The survey fieldwork took place during the second lockdowns in England and Northern Ireland, and amid tougher restrictions in Scotland and Wales. Continued uncertainty around further lockdowns and restrictions, as well as the many unanswered questions on Brexit, have caused businesses considerable distress, with some saying they are worried about the long-term viability of their business.  

Smaller firms and independent retailers report the most pessimistic sentiment, many stating that changes in restrictions, and the introduction of the second lockdown exacerbated cash-flow problems and left them with redundant stock. A wholesaler in Kent reported: ‘We were recovering well from the lockdown until this last month, which has been catastrophic as we had bought for Christmas sales, which were then halted, but the invoices still needed paying.’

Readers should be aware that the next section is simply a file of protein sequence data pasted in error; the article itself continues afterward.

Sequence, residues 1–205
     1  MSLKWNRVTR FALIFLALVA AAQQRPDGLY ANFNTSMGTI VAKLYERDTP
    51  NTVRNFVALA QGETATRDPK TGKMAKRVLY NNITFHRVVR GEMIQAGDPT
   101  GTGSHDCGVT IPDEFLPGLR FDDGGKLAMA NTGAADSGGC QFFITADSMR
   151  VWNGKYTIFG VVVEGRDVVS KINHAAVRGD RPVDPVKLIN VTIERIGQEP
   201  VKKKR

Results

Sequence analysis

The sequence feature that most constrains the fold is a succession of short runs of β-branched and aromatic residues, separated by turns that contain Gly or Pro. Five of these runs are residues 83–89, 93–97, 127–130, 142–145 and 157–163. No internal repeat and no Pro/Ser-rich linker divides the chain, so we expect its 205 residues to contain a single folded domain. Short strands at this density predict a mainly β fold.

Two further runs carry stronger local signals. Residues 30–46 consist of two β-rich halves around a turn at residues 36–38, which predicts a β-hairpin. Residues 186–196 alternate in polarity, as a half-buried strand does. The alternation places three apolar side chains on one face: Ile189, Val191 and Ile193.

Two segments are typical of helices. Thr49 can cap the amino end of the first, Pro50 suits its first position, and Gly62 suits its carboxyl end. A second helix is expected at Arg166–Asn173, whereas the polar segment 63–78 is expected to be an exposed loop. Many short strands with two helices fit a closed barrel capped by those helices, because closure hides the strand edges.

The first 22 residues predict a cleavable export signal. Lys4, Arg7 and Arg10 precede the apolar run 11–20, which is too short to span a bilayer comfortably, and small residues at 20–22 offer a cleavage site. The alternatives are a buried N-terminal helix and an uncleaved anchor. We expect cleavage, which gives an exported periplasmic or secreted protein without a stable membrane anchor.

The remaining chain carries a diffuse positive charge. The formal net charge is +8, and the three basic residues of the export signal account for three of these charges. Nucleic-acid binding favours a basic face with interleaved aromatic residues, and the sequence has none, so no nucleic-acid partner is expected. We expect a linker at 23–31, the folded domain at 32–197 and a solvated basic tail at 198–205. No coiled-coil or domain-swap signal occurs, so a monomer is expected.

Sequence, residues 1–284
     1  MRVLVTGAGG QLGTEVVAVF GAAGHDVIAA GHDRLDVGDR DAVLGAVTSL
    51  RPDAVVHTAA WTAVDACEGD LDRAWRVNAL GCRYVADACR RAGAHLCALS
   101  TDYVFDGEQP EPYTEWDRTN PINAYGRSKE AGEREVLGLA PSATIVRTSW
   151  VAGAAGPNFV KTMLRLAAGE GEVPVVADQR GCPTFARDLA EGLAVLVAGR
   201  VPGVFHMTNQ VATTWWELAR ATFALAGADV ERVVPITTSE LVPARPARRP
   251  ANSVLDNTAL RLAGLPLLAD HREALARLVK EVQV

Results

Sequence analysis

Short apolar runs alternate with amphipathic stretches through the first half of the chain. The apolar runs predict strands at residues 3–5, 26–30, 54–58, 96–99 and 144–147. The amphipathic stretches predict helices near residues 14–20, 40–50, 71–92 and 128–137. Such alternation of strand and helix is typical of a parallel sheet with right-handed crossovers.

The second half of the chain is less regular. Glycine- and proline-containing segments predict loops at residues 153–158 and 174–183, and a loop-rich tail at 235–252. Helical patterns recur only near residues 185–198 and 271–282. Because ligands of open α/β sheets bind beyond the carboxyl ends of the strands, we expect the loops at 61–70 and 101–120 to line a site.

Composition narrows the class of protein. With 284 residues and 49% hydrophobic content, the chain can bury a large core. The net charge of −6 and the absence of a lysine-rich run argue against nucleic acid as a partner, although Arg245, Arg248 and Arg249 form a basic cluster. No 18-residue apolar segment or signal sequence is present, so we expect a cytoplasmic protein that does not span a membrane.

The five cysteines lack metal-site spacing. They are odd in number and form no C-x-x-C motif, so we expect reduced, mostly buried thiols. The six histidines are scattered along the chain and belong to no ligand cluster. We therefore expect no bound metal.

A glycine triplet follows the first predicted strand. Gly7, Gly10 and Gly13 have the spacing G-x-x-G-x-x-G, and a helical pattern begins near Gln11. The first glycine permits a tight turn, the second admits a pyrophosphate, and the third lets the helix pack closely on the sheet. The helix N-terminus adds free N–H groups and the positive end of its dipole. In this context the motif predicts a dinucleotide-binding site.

Some businesses not forced to close by the lockdown and restrictions are also feeling the effects of the cash-flow crisis further up the supply chain, with marketing budgets slashed or diverted to Covid-related activity. 

Suren Thiru, Head of Economics at the British Chambers of Commerce (BCC), said:   ”These results indicate that economic activity was strikingly downbeat in the final quarter of 2020 as the re-introduction of tighter Coronavirus restrictions weighed heavily on the key drivers of growth. 

“The services sector endured a particularly difficult quarter, with consumer-facing businesses most severely exposed to the renewed restrictions. Although manufacturing firms had a moderately better end to 2020, this is more likely to reflect a temporary boost from Brexit stockpiling rather than evidence of a recovery in the sector. The persistent weakness in investment intentions is a particular concern, as it limits the UK’s productivity and growth potential.